Shortt, Professor Adam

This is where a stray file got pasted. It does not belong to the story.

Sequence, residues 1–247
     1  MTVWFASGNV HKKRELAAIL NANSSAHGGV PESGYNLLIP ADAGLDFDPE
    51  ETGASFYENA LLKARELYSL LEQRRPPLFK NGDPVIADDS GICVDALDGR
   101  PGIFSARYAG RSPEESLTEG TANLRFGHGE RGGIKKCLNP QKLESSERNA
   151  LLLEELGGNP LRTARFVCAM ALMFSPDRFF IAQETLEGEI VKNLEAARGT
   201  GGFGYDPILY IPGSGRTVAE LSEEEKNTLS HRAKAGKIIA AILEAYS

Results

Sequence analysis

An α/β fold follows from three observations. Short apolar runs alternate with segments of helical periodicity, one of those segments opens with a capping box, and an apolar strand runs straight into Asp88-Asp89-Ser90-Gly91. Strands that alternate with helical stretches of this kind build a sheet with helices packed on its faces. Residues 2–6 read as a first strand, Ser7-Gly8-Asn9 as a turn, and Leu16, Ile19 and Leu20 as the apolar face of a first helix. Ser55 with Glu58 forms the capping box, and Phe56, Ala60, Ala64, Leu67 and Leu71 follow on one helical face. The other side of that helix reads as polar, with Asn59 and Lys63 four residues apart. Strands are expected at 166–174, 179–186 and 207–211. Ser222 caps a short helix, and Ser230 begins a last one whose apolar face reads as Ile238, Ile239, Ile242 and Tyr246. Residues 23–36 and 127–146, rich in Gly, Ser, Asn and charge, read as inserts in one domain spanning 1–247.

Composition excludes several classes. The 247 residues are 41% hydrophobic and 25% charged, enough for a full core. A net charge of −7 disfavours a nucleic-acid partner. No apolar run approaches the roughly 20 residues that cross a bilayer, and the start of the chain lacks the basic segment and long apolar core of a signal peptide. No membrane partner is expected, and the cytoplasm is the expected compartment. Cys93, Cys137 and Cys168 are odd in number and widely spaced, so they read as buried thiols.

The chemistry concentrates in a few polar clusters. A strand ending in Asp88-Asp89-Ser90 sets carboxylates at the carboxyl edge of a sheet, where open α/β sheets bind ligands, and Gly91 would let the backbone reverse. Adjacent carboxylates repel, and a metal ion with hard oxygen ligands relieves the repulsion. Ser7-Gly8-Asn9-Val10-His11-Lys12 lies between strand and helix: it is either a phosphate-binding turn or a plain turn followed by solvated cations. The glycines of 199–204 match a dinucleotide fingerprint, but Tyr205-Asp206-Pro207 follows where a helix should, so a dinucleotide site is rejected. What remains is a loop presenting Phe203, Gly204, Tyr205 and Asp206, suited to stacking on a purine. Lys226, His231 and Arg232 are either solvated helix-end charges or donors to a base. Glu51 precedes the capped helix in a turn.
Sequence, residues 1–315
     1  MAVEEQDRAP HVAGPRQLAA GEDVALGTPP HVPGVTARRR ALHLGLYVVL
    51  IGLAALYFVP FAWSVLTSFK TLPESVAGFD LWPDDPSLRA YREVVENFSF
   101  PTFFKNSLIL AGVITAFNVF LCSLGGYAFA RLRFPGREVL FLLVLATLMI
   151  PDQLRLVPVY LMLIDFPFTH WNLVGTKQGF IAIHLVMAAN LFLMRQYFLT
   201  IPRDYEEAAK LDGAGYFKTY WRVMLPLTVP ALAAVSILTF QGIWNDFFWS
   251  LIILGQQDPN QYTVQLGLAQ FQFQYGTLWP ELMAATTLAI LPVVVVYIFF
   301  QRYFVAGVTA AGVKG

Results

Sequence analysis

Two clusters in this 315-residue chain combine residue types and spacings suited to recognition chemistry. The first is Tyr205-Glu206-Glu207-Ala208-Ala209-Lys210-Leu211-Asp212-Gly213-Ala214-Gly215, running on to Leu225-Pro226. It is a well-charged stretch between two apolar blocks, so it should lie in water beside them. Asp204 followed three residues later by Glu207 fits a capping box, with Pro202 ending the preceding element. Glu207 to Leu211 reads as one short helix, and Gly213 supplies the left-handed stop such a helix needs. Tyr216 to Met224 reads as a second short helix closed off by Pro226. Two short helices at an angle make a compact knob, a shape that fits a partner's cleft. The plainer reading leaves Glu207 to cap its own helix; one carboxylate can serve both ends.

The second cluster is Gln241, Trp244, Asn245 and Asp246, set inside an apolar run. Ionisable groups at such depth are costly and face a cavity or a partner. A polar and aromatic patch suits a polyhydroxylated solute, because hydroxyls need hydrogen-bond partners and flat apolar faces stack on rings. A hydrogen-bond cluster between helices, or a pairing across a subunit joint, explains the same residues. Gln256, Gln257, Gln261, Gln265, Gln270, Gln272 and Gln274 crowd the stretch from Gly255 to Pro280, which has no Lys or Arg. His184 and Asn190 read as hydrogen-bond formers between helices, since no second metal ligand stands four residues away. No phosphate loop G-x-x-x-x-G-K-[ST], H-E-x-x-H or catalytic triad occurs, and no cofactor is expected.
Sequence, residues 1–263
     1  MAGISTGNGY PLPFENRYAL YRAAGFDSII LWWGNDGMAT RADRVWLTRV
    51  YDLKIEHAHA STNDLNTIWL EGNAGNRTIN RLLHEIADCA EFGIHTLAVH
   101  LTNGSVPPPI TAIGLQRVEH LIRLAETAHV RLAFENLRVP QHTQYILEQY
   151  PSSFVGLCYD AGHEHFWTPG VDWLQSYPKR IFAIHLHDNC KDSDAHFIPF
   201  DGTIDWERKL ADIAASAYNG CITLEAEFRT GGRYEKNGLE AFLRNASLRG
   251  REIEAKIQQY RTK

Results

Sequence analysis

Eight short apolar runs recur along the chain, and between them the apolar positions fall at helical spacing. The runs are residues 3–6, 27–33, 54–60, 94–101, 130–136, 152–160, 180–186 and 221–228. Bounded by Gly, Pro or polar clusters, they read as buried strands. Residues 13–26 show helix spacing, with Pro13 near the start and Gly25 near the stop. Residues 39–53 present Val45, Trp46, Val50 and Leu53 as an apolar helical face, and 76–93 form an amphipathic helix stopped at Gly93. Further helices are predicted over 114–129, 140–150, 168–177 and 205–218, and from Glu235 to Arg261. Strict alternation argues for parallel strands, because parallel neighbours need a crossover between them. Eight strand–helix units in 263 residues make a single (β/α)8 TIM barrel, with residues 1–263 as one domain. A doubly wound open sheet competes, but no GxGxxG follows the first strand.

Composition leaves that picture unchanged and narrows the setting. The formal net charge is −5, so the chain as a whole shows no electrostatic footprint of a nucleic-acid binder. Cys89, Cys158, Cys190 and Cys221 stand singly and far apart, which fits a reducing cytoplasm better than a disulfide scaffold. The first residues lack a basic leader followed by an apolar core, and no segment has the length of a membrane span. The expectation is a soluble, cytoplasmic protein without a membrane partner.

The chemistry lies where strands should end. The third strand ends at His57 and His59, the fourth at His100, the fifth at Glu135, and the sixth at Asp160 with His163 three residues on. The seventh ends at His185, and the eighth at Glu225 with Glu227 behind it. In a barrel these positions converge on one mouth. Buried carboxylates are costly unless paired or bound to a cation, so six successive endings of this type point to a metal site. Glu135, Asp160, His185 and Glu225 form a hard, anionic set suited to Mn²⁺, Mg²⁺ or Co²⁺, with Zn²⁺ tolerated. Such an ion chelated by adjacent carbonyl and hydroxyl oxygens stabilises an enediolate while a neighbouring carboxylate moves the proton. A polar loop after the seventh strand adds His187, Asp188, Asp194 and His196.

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The danger of failing to see the forest for the trees. Some aspects of the general forest for study and supplement by special knowledge of the trees which constitute the forest. The impossibility of knowing the forest without knowing the trees; the possibility of knowing the trees without knowing the forest. A period in the world's history now in which practically every phase of the fundamentals of self-government and democracy are completely in the melting-pot. A detailed discussion follows. Some highlights follow. An acceptance of the truth that democracy was something that could only be operated by the most highly developed peoples in the point of intellect, education, and son on, and that that was why a limited element of western Europe, the British Empire, and the United States, could run democracy. Linking intellectual superiority with the question of colour and race; some wisdom from Aristotle; the lack of any link between intellectual superiority and the capacity to run a democracy. A definition of Attempting to define and understand British democracy, and democracy around the world. The speaker's theory that there are certain peoples, Anglo-Saxons or people immediately associated with them in race, who have a peculiar progressive element in them; that it is this element that stabilizes and makes possible practical development in government, namely democracy; that such democracy has been expanded and represented, and works in an Anglo-Saxon circle, and nowhere else. A discussion of several nationalities and their characteristics follows. The question of the future of government a question of the future capacity of various people to hold together. The peculiar balance between unrest and progress and conservatism and stability which is the anomaly of the British people. A last example from France.